Satellite Remote Sensing of Land Use Change

By Dr. Charles Laymon

The land in Madison County, Alabama has been developed at an observed annual rate of 1% per year for the last 16 years. In 2000, developed land comprised 30% of the county. At this rate, by 2020 nearly 50% of the county will be developed! ...At least that's what satellite images are telling us.

Urbanization worldwide continues at a rapid rate and it is estimated by the United Nation's Population Fund (1999) that by the year 2025, 80% of the world's population will live in cities. Most major metropolitan areas face the growing problems of urban sprawl; residential and commercial development is replacing undeveloped land at an unprecedented rate. Sprawl results in a loss of natural vegetation and open spaces and a general decline in the spatial extent and connectivity of wetlands, wildlife habitat, and agricultural lands. While land use changes are a consequence of national growth, regional assessments of historical and contemporary land use change are needed to anticipate the impacts associated with change and contribute to an understanding of productive environmental sustainability.

These land cover and land use changes can be substantial but are difficult to grasp when they occur incrementally. Recently, data from satellites has dramatically illustrated the rates at which these human-induced changes are occurring nationwide. Temporal mapping from satellite data has successfully demonstrated the utility of integrating existing historic maps with remotely sensed data and related geographic information to dynamically map urban land characteristics for large metropolitan areas. These regional databases provide a strong visual portrayal of recognized growth patterns, and dramatically convey how the progress of modern urbanization results in profound changes to the landscape.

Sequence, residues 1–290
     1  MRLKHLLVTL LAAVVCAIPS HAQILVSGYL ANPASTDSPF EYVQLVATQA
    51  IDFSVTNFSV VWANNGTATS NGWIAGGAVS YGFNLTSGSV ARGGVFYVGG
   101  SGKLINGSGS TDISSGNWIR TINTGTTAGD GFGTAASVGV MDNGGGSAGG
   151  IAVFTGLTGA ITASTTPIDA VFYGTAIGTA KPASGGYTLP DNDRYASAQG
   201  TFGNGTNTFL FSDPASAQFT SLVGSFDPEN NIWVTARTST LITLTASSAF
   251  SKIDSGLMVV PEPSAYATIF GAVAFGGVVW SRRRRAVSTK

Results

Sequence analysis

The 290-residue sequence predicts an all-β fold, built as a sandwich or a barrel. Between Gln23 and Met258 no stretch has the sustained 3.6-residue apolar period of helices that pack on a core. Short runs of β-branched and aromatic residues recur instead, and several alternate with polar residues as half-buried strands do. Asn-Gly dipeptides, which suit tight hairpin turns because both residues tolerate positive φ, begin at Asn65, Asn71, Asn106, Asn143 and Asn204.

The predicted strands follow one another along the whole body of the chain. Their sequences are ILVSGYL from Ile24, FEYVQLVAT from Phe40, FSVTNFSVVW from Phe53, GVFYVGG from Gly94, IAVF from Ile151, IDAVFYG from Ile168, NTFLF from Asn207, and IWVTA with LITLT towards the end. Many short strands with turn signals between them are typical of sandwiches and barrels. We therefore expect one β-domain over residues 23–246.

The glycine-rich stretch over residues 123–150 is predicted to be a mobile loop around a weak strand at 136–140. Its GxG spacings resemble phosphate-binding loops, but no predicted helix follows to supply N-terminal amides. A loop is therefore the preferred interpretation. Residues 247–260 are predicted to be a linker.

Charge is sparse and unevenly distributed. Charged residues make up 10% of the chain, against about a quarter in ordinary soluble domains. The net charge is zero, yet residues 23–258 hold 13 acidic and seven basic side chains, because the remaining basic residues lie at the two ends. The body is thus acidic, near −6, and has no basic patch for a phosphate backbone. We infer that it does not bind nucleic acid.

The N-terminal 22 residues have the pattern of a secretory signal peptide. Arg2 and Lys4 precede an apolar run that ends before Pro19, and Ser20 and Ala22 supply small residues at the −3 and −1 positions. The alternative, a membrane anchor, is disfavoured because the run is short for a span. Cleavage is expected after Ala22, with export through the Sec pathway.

Huntsville and Madison County, Alabama have continued to grow steadily since the 1950's. This growth has had a marked effect on the remaining green space within the County. The Land Trust of Huntsville and North Alabama, which is dedicated to preserving lands for public use to enhance recreation, education, conservation and prosperity in the North Alabama region, recognizes that some of this land is a valuable resource and worth protecting from urban sprawl.

To assist the Land Trust in acquiring data to develop a land resource plan for Madison County, a set of georeferenced maps based on satellite remote sensing was developed to document the spatio-temporal changes in land cover and land use that have occurred in Madison County since 1984. The spatio-temporal information afforded by satellite data can be used to illustrate where changes have occurred and to quantify the rate of urban sprawl and concomitant loss of green space. These data provide the basis for understanding urban growth changes within an historical perspective.

The land cover analysis was based on data from the Landsat series of satellites, which provide one of the most extensive and continuous terrestrial imagery archives. Since the beginning of the Landsat program in 1972, data have been acquired from three different generations of sensors, the Multispectral Scanner , Thematic Mapper and Enhanced Thematic Mapper Plus data. Landsat imagery of the globe is subset and marketed as a patchwork of individual scenes identified by a row and path designation. Images from Landsat's Thematic Mapper instrument were acquired for 1984 and 1990 and from Landsat's Enhanced Thematic Mapper instrument for 2000. Land surface features were assigned to one of 13 classes, such as commercial, residential, deciduous woodland, cropland, etc. The resulting images can then be processed mathematically to compute land area that has changed from one class to another.